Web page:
John Hatchard: Combating Corruption. Legal Approaches to Supporting Good Governance and Integrity in Africa, Edward Elgar Publishing, Cheltenham, UK / Northampton, MA, USA, 2014, 416 pages, hardback, 95.00 £; ISBN 978-1-78100-436-4 in:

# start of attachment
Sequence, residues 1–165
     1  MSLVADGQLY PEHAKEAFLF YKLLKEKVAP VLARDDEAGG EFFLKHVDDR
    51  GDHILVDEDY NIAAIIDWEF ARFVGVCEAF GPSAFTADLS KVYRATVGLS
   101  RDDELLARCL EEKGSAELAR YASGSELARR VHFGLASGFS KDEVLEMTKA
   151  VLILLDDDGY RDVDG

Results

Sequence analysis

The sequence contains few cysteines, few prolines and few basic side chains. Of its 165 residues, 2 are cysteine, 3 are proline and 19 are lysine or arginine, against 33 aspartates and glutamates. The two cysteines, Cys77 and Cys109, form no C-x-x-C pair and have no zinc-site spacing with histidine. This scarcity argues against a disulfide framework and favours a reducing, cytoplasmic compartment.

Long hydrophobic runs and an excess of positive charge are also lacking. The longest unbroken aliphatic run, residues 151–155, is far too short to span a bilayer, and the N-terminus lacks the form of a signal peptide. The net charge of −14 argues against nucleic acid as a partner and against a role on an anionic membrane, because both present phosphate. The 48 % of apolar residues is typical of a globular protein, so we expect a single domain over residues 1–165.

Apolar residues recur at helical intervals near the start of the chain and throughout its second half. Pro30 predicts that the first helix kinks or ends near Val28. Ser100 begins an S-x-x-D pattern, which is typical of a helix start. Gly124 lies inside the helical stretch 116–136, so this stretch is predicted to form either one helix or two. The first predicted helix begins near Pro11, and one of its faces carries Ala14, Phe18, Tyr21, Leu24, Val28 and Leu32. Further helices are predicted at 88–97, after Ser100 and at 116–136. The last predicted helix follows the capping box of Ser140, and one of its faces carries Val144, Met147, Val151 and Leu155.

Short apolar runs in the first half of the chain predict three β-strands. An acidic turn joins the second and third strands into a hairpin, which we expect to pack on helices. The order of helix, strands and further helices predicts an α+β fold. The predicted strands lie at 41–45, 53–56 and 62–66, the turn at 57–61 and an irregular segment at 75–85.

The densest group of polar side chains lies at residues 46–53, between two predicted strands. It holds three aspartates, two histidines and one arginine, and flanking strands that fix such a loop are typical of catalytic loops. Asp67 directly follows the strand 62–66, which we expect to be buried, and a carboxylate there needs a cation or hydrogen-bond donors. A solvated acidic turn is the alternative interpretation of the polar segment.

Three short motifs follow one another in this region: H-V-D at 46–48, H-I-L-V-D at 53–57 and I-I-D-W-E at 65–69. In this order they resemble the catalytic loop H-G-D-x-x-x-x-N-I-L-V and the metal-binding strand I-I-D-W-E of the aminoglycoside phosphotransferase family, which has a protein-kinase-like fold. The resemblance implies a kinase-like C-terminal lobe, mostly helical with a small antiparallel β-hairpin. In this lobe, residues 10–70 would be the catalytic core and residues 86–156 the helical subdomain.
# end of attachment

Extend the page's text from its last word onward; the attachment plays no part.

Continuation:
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BUCHBESPRECHUNGEN / BOOK REVIEWS John Hatchard: Combating Corruption. Legal Approaches to Supporting Good Governance and Integrity in Africa, Edward Elgar Publishing, Cheltenham, UK / Northampton, MA, USA, 2014, 416 pages, hardback, 95.00 £; ISBN 978-1-78100-436-4 “Every dollar that a corrupt official or a corrupt business person puts in their pocket is a dollar stolen from a pregnant woman who needs health care; or from a girl or a boy who deserves an education; or from communities that need water, roads, and schools,“ World Bank President Jim Yong Kim only recently emphasised during an anti-corruption event in Washington, D.C., pointing out that „[i]n the developing world, corruption is public enemy number one.“1 His words neatly illustrate that since corruption has been identified in the international debate as the major obstacle to good governance having severe detrimental effects on economic, social and democratic development,2 the necessity to fight corruption remains until today an important factor in development policy. Over the past fifteen years, several international and regional legal instruments with the objective to combat corruption have emerged, which led in turn to major changes in national legislation around the globe. However, the ‘cancer of corruption’3 is far from being defeated - as we can still observe, in practice, cases of corporate bribery and looting of state assets, especially within African states. Against this background, John Hatchard’s book Combating Corruption: Legal Approaches to Supporting Good Governance and Integrity in Africa addresses a highly relevant and topical subject. With his work Hatchard seeks to contribute to the discussion on how to effectively fight corruption on national and transnational level and, in particular, on how to ensure that the numerous international good governance obligations are fulfilled in practice (p. 2). As the title suggests, the author puts emphasis, on the one hand, on the legal issues surrounding the strategies to combat corruption through good governance mechanisms and, on the other hand, on the African perspective on this subject. The objective of the book is to give a comprehensive overview of the current status of the implementation of the legal anti-corruption/good governance obligations placed upon African states by analysing the laws and institutions that have been enacted in this regard and by presenting numerous examples of good and bad practice in their application (pp. 7-8). For this work, Hatchard, 1 Remarks by World Bank Group President Jim Yong Kim at the “Speak Up Against Corruption” Event on 19 December 2013 in Washington, D.C., 12/19/world-bank-group-president-jim-yong-kim-corruption-event (last accessed on 31 May 2014). 2 Since the mid 1990s, social scientists have devoted much attention to the examination of the causes and consequences of corruption and its impact on development. See, in particular: Susan Rose-Ackerman, Corruption and Government: Causes, Consequences, and Reform, Cambridge 1999. 3 To use the famous words of former World Bank President James D. Wolfensohn, Annual Meetings Address, 1 October 1996. 411 barrister and law professor in the UK, draws not only on his research background in criminal and constitutional law with a regional focus on the Commonwealth and Anglophone Africa, but also his consulting experience in the field of anti-corruption, good governance and human rights as well as his personal experiences from working and living in southern Africa. The book at hand contains twelve chapters and – after two introductory chapters broadly follows in terms of structure the four good governance ‘pillars’ as they derive from the United Nations Convention Against Corruption and the African Union Convention on Preventing and Combating Corruption: (i) prevention, (ii) investigation and prosecution of corruption-related offences, (iii) international cooperation, and (iv) asset recovery. Regarding, first, the aspect of preventing corruption, the author explores the most common strategies to maintain integrity in the public service, namely the operation of codes of conduct as a means to address conflicts of interest among public officials, the regulation of election campaign financing, and the control of public sector finances (Ch. 3). Chapters 4 and 5 discuss, inter alia, the role of constitutions and constitutional oversight bodies in upholding good governance principles by outlining, on the one hand, the increasing tendency of victims to use human rights protection mechanisms to combat corruption, and on the other hand, the constitutional limits to the effective implementation of anti-corruption strategies, i.e. immunities and fundamental rights of presumed offenders. As regards the second ‘pillar’, the criminalisation of corruption, Hatchard sheds light on the practical challenges to the effective investigation and prosecution of corruption-related offences, the difference in scope between these offences, and the controversial issue of concluding deals, meaning the dropping of criminal charges in exchange for the return of looted state assets (Ch. 6). Furthermore, Chapter 7 deals with the question of the necessity and the potential mandate of independent anti-corruption commissions, whilst Chapter 8 discusses the appropriate balance between judicial independence and judicial accountability and the particular challenge to combat corruption within the judiciary. In the following chapter, the author highlights the importance to equally target the private sector with regard to the prevention and criminalisation of corruption (Ch. 9). Hatchard emphasises that persuading multi-national corporations to refrain from corruption in their business activities is a major and foremost transnational challenge. Nevertheless, he offers a set of strategies to make further progress in combating corruption in the corporate sector, namely through the use of ‘gentle persuasion’ (i.e. development of international soft law standards), ‘forceful persuasion’ (i.e. prosecution of offending companies and their senior officials in the victim state, de facto implementation of the OECD Convention on Combating Bribery in the home states, use of civil remedies) and ‘persuasive threats’ (i.e. debarment from future projects). With regard to the third and fourth ‘pillars’, international cooperation and asset recovery, Chapter 10 outlines the challenges posed to African states to effectively combat the laundering of the proceeds of corruption through the international financial system, and the role of the Financial Action Task Force in this regard, whilst Chapter 11 points out the im- 412 Verfassung und Recht in Übersee VRÜ 48 (2015) portance to prevent public officials from enjoying their proceeds of corruption by developing effective legal assistance mechanisms, and recovering the looted state assets. The final chapter summarises the main argument of the book: that the ‘art of persuasion’ is fundamental to develop the necessary political will - on both national and transnational level - to ensure that the anti-corruption laws and institutions in place actually work in practice (Ch. 12). Hatchard’s work is the result of a comprehensive research project that processed a large amount literature in the field of corruption, legislation and judicial decisions from a great number of African states as well as numerous reports drafted by international organisations (e.g. UN, World Bank, OECD) and non-governmental organisations (e.g. Transparency International, Global Witness, Human Rights Watch), not to forget his personal anecdotes and experiences. In terms of research method, the book follows a legal approach to discuss and compare the different good governance laws and institutions that have been developed on national level in African states in response to the obligations stemming from the international anti-corruption conventions. In order to illustrate his findings, Hatchard draws upon a series of case studies from the African context. For example, he refers on several occasions to the Lesotho Highlands Water Project case as a success story, where the government of Lesotho had the necessary political will and international support to successfully prosecute those foreign companies responsible for paying bribes in the procurement process regarding a major dam project (pp. 245-254). In contrast, the Anglo Leasing affair in Kenya highlights the practical challenges to carry out effective investigations against senior public officials when these prerequisites are missing, i.e. when there is no political will in the administration, and when court proceedings are used to undermine the gathering of evidence located abroad (pp. 313-314). However, from a methodological viewpoint, the chosen legal approach with reference to selected case studies has some substantial deficits. First, the laws, institutions and cases analysed throughout the book stem almost exclusively from Anglophone African countries, which seems to result rather from practical reasons (e.g. common law background, previous experience) than theoretical considerations (pp. 7-8). This is problematic because an African cross-country comparative analysis in order to produce significant results needs to take into account the legal and practical situation in the Francophone African countries and the particularities of civil law jurisdictions (e.g. the differences in criminal procedural law). Second, since the domestic laws and cases were selected with the purpose to illustrate the (non-)implementation of the corresponding international legal provisions, they are not representative for the actual situation in these countries in terms of corruption. Instead of simply providing examples of good and bad practice, it would have been preferable, for instance, to mirror these findings with the Transparency International Corruption Perception Index (CPI) and the development of the latter over time, especially when the given examples correspond with the perceived level of corruption, as it is the case for Lesotho and Buchbesprechungen / Book Reviews 413 Kenya.4 Finally, if the objective of the book is to sketch out best practices in implementation of the international anti-corruption obligations within African states, the chosen legal approach is only of limited use. Instead, the author should have referred more frequently and directly to empirical findings on the effectiveness of the various good governance instruments in practice. In consequence, these methodological deficits make it difficult from the outset to build a strong theoretical argument that explains the differences in the levels of corruption between African states. Nevertheless, Hatchard develops his central idea of the ‘art of persuasion’ as a guiding principle for combating corruption through law. He argues that the progress made by African states in the fight against corruption depends to a large extent on the political will, and that it is crucial to use the appropriate degree of pressure to persuade private and public actors alike to implement and apply the discussed good governance mechanisms and, ultimately, abstain from corruptive practices. Yet, this seems like a very intuitive conclusion since the idea of the ‘art of persuasion’ can methodologically not derive from the legal approach taken throughout the book. Indeed, as convincing as this main argument may seem at first, it is not breaking new ground. This is because the work in general neglects to take account of the existing social sciences literature on how law can influence the behaviour of different actors. On the one hand, the author does not even attempt to relate his argument with other theoretical concepts about how legal rules can persuade corrupt actors to abstain from corruptive practices.5 On the other hand, he does not refer to the existing literature in international relations theory on how states translate international legal obligations into domestic policies, and Risse’s ‘spiral model’ in particular, which accounts for the variation in the domestic effects of international norms.6 Moreover, to give an example with regard to the fight against corruption, Abbott and Snidal theoretically explained the interactions between value and interest actors in the international legalisation process,7 ideas that can be found in Hatchard’s concepts of ‘moral persuasion’, ‘persuasive threats’ and ‘transnational will’. 4 According to the Transparency International CPI 2013, Lesotho is ranked 55 out of 177 states, whereas Kenya is ranked 136, with the CPI being relatively stable over the preceding years. 5 See, for example, Lambsdorff’s principle of the ‘invisible foot’ stating that anti-corruption strategies need to exploit the handicap that corrupt actors cannot credibly promise reciprocity to their corrupt counterparts: Johann Graf Lambsdorff, The Institutional Economics of Corruption and Reform: Theory, Evidence, and Policy, Cambridge 2007. This idea is reflected in Hatchard’s ‘reveal everything’ principle according to which the use of ‘persuasive threats’ can make a significant contribution to convince corrupt actors to reveal information on their transactions with corrupt counterparts (pp. 340-341). 6 Thomas Risse / Kathryn Sikkink, The Socialization of International Human Rights Norms into Domestic Practices: Introduction, in: Thomas Risse et al. (eds.), The Power of Human Rights: International Norms and Domestic Change, Cambridge 1999. While the ‘spiral model’ was developed to explain the steps that states must go through to change their norms and behaviour regarding human rights, it may equally apply to international anti-corruption norms. 7 Kenneth W. Abbott / Duncan Snidal, Values and Interests: International Legalization in the Fight against Corruption, Journal of Legal Studies 31 (2002), p. 141. 414 Verfassung und Recht in Übersee VRÜ 48 (2015) Despite these criticisms, the book with its legal approach and African cross-country perspective gives a comprehensive overview of where we stand today in the fight against corruption on the African continent and reminds us that further efforts of persuasion are needed in order to make the legal strategies work in practice. Against this background, it meets the purpose it set out to achieve in the beginning. It is also worth emphasising that the author’s findings support the tendency in the current legal debate on corruption, and in international law in general, that soft law is an important instrument and that for enforcement of international obligations transnational cooperation is as important as the scrutinising function exercised by civil society.8 However, a more interdisciplinary approach to the subject would have underpinned the main thesis with a sound theoretical basis. Hence, in the end, the book adds conceptually only little to the academic literature on the fight against corruption. In sum, Combating Corruption: Legal Approaches to Supporting Good Governance and Integrity in Africa constitutes a well written, easily accessible and illustrative work with a clear structure despite the complex nature of the issue of corruption. This makes it an interesting handbook predominantly for practitioners in African countries, be it legislators, government officials, journalists or civil society activists. As an extensive compendium of the state of play of the good governance reform process in Africa, Hatchard’s work will have a share in the global efforts to fight the ‘cancer of corruption’ in the developing world. Julia Lemke, Hamburg 8 Anne van Aaken, Korruption und Entwicklung, in: Philipp Dann / Stefan Kadelbach / Markus Kaltenborn (eds.), Handbuch Recht und Entwicklung, Baden-Baden 2014, p. 619. Buchbesprechungen / Book Reviews 415